Chuck Cunningham could be the world’s greatest illusionist: now you see him, now you don’t. Not only did he vanish from Happy Days without a trace, but he erased all evidence of his existence as well. What happened to Chuck Cunningham? Maybe, he witnessed a hit on the Fonzarelli crime family or saw his mother being assaulted by Don Fonz himself, and entered the witness protection program. But we’ll never really know no matter how much Happy Days Fanfiction I may write in my spare time.
Time and time again writers and TV producers seem to underestimate the intelligence of the television audience. Not intelligence really, but cult like devotion and attention to detail. And not really even devotion when you think about it, but just an average attention span and minor observational skills. Which is weird because what a television producer should want is for the audience to pay attention. Although, it’s the same reason I repeat myself all the time because I don’t remember the jokes I’ve already told and I assume no one’s paying attention anyway… no matter how much Happy Days Fanfiction I may write in my spare time. The point though that I’m so inelegantly trying to make is that if you have a character on a show, then you don’t have a character on a show, the audience tends to notice.
This is called Chuck Cunningham Syndrome. Named after Richie & Joanie’s older brother who went up stairs and never came down. This is when a main character on a TV show vanishes with little to no explanation as to where they went. Most likely because we don’t need them or want them. Chuck was an extraneous character because Richie already had all the fatherly advice he needed in Tom Bosley and had Fonzie to teach him how to be the meat in a Tuscadero sandwich… so who needs an older brother? And why bother explaining what happened to such a useless character anyway? That’s Chuck Cunningham Syndrome! That little lazy urge to not bother because it’s just Chuck after all. The more unexplained the exit, the more Chuck it is. Which, of course, leads ask to ask what happened to X on Y [insert whichever minor character you fancy]? Realistically this is often caused by contract disputes or TV stars moving on with their careers (it happens sometimes), and producers are left with three real options: write the character away, kill them off, or forget they ever existed. And of these choices there are three major influences that determine which path is taken: the viewers’ hatred of the character, the actors playing the characters’ hatred of the producers, and the producers’ hatred of doing any actual work.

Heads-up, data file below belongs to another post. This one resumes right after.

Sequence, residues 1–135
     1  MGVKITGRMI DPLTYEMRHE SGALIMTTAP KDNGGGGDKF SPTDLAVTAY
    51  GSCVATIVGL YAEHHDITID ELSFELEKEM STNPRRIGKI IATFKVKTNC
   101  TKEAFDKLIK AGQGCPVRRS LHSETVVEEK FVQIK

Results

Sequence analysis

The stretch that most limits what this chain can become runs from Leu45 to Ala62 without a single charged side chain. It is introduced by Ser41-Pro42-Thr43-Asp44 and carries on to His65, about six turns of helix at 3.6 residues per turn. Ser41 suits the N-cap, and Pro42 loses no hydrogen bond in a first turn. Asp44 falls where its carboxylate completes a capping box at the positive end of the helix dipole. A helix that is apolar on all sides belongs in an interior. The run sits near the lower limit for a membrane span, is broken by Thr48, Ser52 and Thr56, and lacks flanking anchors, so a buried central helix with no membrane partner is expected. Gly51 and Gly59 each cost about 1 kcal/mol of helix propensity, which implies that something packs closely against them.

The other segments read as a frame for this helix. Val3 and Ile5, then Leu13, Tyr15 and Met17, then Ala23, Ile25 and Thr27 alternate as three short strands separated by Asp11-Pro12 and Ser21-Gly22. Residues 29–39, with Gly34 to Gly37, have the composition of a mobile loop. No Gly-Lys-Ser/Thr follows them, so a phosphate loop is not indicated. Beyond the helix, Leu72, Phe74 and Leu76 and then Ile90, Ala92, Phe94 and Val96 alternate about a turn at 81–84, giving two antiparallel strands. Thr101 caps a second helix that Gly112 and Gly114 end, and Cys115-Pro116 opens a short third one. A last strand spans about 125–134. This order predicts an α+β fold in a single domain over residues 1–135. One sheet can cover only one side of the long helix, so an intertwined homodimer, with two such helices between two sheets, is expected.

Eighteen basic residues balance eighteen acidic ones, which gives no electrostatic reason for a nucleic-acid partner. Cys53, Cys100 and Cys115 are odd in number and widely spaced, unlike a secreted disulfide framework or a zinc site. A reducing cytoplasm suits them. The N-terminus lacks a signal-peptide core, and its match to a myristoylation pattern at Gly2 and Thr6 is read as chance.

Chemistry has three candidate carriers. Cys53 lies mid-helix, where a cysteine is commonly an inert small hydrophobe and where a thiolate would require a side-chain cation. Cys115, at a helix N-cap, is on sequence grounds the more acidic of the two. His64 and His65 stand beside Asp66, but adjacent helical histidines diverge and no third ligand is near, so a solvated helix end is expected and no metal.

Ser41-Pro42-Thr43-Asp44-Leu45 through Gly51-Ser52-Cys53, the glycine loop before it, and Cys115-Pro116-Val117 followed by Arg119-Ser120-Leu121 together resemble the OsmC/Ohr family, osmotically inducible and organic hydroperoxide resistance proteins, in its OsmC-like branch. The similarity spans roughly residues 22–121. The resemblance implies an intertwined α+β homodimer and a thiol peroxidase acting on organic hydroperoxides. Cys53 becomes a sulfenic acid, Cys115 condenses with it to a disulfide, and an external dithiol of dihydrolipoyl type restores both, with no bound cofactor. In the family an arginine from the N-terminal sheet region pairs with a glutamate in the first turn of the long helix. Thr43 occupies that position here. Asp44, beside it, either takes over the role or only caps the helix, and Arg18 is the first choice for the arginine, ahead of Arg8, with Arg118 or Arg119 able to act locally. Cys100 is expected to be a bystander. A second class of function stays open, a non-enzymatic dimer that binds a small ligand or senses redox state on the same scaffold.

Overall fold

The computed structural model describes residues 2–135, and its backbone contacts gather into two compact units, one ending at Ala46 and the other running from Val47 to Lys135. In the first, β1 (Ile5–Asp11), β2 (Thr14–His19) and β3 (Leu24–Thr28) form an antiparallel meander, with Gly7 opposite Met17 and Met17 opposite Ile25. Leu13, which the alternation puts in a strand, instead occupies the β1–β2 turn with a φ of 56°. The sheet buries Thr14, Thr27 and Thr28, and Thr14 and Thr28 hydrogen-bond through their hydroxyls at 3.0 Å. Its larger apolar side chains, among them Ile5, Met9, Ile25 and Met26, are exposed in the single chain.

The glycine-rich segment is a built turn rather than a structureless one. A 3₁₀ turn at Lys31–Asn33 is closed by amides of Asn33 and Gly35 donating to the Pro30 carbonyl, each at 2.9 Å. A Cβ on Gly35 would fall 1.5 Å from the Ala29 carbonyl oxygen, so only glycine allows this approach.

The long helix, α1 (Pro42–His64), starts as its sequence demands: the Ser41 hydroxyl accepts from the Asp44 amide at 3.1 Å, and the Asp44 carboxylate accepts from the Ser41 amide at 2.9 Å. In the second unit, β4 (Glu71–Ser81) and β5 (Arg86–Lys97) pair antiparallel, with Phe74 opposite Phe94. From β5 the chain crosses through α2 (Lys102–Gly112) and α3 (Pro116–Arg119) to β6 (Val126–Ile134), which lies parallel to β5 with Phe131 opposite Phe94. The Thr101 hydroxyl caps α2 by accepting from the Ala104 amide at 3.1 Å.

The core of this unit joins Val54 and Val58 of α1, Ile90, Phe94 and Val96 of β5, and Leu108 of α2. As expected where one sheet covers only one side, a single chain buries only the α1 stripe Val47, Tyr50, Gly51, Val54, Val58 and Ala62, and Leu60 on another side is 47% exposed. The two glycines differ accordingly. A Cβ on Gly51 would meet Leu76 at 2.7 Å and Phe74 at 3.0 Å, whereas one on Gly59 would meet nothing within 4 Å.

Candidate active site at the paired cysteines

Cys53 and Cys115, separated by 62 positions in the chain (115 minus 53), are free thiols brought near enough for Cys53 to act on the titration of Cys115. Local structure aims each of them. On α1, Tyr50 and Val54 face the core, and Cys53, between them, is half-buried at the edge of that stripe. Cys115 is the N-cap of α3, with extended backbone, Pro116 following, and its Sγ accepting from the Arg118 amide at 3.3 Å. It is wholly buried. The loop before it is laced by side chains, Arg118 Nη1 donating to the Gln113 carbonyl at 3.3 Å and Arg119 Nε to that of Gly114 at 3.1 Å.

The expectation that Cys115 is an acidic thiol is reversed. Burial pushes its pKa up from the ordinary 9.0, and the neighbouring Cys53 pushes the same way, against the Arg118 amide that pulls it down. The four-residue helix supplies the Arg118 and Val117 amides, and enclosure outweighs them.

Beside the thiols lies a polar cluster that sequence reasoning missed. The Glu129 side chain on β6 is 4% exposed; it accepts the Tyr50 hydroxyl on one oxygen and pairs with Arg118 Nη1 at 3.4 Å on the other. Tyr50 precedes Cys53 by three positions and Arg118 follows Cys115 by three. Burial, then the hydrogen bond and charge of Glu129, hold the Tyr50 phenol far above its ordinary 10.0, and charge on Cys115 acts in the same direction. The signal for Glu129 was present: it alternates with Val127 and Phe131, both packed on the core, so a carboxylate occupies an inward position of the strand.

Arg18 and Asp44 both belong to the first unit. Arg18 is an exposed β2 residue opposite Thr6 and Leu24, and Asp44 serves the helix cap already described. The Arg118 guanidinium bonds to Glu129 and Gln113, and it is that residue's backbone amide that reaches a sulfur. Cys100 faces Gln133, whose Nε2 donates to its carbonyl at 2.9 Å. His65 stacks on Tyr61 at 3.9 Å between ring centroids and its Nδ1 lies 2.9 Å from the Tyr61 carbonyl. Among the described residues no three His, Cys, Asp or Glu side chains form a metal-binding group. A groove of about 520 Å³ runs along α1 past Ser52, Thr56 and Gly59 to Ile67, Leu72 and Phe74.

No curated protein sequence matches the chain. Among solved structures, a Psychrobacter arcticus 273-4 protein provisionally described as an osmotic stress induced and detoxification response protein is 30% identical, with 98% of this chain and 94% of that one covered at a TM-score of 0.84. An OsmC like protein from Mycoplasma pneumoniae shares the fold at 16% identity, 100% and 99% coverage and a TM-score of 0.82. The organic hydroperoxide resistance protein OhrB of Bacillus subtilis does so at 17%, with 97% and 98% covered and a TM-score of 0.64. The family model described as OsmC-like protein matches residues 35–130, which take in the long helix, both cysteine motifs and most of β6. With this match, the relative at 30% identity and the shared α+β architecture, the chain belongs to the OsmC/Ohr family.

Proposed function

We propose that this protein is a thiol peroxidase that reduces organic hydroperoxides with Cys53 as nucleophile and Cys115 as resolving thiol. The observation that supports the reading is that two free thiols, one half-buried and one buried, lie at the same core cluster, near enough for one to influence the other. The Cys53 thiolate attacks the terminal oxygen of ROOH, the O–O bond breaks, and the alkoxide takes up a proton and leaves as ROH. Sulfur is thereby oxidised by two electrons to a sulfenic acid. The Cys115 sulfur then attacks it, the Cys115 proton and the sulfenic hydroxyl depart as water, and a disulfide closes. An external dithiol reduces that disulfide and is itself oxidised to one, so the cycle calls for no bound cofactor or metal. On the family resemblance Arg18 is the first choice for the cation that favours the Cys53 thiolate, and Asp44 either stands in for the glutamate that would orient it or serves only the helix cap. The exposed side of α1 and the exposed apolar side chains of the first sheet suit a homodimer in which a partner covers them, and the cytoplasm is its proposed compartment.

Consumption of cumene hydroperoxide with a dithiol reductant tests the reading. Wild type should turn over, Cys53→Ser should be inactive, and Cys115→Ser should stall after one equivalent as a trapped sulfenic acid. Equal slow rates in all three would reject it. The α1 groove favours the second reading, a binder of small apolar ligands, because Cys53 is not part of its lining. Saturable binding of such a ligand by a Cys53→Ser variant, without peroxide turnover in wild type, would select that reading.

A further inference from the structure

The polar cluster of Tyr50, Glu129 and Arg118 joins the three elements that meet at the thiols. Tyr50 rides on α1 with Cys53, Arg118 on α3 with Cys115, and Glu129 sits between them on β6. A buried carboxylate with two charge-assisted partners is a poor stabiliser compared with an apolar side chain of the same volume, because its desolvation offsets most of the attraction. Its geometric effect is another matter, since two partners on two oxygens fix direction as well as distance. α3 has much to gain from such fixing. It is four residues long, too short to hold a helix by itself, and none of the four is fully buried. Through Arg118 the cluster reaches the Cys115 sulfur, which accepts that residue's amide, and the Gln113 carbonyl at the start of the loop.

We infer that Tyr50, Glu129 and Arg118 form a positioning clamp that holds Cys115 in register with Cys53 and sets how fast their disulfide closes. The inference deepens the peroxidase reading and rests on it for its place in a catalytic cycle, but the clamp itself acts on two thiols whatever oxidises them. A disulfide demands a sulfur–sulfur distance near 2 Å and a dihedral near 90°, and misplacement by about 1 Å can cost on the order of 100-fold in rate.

Something probably goes pretty wrong in negations if a character is killed. It’s probably a combination of all kinds of hatred. One of my personal favorites is Valerie from Valerie’s Family (the show was named after her!). I think she had a problem with how much attention Jason Bateman was getting and a little power struggle happened. And you don’t mess with the Bateman. It probably happened something like this:
Jason Bateman: Sweep the leg… Do you have a problem with that?
Miller-Boyett Productions: No, Sensei.
Jason Bateman: No mercy.
Then Valerie got an elbow to the knee.
On the Move
Moving away is perhaps the easiest way to unload an unwanted character. They’re both gone, but still theoretically reachable for any very special episode sort of occasion; you can even call them (Chrissy on Three’s Company). And if they’re good little children they may even be invited back to the show someday. With movement though there is a strange distance scale; the less important the character is the farther away they seem have to move. Randy Taylor (Home Improvement) moved to Costa Rica to do something or other. Waldo Geraldo Faldo on Family Matters moved to France to become a chef. Rachel, also Family Matters, went to take care of a sick Aunt (presumably in the continental United States). Bo and Luke Duke (The Dukes of Hazzard) went to race NASCAR, but only for a season. The mom on That’s so Raven moved to England to attend law school. Boner (Growing Pains) became a US Marine and I have to imagine traveled the globe killing people with his bare hands. Here’s any interesting connection: Boner, Waldo, and Chrissy all stupid characters whose humor was because they were so stupid. All stupid, all moved. Distance then may depend both character importance and intelligence quotient.